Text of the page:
“Monday the 6th April 1987. Dear Diary. Actually this is not going to be a diary, diary is the wrong word for it. I have been suspicious of diaries anyway, since I stole Amy’s and read them on the roof. Amy, mon âme, my aim, my friend Amy. It was very shocking to read her version of things. No, diaries are stupid. Diaries are all lies. Diaries, they’re so self-indulgent.
But we live in self-indulgent times, after all, and for once I want my own twist of it. And if you write something down, it goes away. I’ve been carrying it around with me now for so long it’s taken on a kind of life of its own, I can feel it breathing against me inside my rib-cage, feeding off me, taking all the goodness out of what I eat, all the calcium out of my teeth. I want rid of it. And what a story it could be. What a beautiful, what a romantic, what a passionate story.
Not a story for here, not for small town Scotland, not then, not ever, never here in the decent, upright, capital of the Highlands, where when I was still at school there was an unholy row in the newspapers and in the council chambers because someone thought that something like the teaching of drama on the school syllabus would be nothing less than the work of the devil. Land of my soul and my formation, the Highlands. Where the Brahan Seer, ancient highland magician of the greatest of powers, once foretold that if there were too many bridges over the River Ness, or if there were too many women in power in the nation, then terrible dire chaos would follow.”
Like that. Just like that is how Ali Smith hooks me. Every time.
The only reason why I give this book 3.5* instead of 4* or 4.5* is that this is her first novel and I have been spoiled by having already read some of her later work, which is much more structured.
Oh, but what a nice feeling it is to be spoiled by Smith’s writing…
Anyway, enough fangirling.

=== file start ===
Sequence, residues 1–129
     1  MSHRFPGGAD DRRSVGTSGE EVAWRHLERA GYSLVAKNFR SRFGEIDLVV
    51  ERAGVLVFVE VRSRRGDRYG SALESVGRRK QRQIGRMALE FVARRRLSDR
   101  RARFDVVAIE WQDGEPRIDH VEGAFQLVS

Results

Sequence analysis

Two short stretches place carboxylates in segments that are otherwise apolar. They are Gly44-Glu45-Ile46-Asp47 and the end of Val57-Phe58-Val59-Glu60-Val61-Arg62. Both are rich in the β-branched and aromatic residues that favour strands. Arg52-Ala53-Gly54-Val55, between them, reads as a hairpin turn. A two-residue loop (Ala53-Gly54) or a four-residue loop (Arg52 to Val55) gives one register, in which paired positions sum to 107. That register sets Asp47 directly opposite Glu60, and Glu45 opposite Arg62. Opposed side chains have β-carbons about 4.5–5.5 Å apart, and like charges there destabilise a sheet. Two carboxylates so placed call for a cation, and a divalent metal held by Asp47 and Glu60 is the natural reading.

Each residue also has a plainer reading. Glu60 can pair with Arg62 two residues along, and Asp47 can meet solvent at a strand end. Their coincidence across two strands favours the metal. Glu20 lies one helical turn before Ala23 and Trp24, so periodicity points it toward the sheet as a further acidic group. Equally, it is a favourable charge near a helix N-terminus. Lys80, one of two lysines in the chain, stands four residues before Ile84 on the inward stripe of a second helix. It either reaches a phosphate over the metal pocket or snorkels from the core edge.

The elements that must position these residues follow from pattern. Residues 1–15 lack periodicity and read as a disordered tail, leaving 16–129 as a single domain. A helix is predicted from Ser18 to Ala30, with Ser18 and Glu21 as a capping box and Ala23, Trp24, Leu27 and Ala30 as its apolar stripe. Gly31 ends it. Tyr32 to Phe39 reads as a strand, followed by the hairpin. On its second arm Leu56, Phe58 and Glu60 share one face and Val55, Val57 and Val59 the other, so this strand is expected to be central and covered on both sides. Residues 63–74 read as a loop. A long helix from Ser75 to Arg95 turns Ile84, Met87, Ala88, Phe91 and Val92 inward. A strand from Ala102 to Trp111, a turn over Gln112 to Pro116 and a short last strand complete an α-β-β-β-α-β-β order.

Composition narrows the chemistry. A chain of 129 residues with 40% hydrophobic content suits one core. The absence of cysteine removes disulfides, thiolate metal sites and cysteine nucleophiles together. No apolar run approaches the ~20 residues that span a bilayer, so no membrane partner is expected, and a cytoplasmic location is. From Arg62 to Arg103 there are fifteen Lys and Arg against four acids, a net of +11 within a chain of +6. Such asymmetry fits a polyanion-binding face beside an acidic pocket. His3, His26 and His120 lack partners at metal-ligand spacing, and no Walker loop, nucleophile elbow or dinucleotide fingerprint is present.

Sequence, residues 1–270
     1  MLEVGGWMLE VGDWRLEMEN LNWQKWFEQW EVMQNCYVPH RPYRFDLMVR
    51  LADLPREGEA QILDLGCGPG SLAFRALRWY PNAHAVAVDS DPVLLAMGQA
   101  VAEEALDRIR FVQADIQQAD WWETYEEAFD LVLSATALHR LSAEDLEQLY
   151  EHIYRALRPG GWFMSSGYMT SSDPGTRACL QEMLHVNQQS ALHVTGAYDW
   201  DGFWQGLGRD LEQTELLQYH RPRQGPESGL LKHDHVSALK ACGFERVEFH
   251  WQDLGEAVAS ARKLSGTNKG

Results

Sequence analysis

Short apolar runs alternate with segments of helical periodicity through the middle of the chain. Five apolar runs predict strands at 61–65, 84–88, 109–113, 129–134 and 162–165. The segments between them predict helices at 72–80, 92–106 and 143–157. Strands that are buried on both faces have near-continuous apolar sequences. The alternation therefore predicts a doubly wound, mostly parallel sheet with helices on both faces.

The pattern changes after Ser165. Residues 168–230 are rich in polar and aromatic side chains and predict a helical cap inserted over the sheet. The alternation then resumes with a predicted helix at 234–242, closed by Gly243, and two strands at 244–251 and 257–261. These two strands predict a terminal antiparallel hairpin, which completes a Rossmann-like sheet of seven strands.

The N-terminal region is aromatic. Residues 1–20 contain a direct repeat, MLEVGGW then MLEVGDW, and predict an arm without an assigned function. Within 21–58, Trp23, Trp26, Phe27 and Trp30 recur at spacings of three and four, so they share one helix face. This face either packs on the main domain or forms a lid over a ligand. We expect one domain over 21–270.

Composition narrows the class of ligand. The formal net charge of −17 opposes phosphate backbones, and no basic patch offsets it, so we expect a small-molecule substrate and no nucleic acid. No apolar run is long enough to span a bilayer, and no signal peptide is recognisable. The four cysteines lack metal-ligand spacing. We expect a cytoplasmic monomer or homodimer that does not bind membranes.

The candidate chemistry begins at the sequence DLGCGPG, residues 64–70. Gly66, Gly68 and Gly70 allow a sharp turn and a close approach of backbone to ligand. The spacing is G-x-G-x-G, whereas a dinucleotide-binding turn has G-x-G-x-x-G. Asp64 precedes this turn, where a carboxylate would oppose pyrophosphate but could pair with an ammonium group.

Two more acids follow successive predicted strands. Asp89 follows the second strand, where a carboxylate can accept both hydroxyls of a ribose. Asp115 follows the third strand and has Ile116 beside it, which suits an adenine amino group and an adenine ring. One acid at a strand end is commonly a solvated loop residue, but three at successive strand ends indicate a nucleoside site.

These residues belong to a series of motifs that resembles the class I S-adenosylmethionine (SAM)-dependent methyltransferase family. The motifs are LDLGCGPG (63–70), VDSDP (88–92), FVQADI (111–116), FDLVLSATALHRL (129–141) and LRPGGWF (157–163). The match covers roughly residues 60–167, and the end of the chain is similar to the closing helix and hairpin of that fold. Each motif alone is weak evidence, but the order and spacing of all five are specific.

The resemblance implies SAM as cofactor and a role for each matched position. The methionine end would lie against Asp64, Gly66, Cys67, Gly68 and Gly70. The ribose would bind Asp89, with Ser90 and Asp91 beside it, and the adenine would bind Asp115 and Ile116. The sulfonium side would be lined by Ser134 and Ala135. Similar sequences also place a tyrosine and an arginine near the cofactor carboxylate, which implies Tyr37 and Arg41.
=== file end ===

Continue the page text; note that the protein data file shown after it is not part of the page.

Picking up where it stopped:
Like is the story of young love, of obsession, of rejection and resentment, and of healing.
The structure of the book – like many of Smith’s – is anything but linear, so reading it is like just going with the flow and trusting the stories to be revealed. It’s a slow start, granted, where we are introduced to Kate and her mother, Amy. Both are elusive characters. But then they have to be, because they are out of place and it is only in the second part of the book, when Ash is introduced that we get to learn more about the mystery.
Apart from the characters – all of which I loved – what Smith really succeeds at is being a recorder of the time and place that the characters act in. I have no doubt that some of the scenes are autobiographical or witnesses rather than invented, because I certainly felt right there with the characters in the late 1980s/1990s. And yet, I did not feel that the story was dated. Like is a story in its own time but not exclusively of its time.
“I smell of the fire still. On my clothes, on my skin, must be in my hair. Sweet, acrid, I love it. Someone could make a fortune patenting the smell of fire as a perfume or aftershave, potent and nostalgic and sexual for people to spray themselves with in the spring and the autumn, at the hinges of the year. Lancome’s Heat of the Moment. Meltdown by Givenchy. Hell by Chanel.”
3.5* (out of 5*)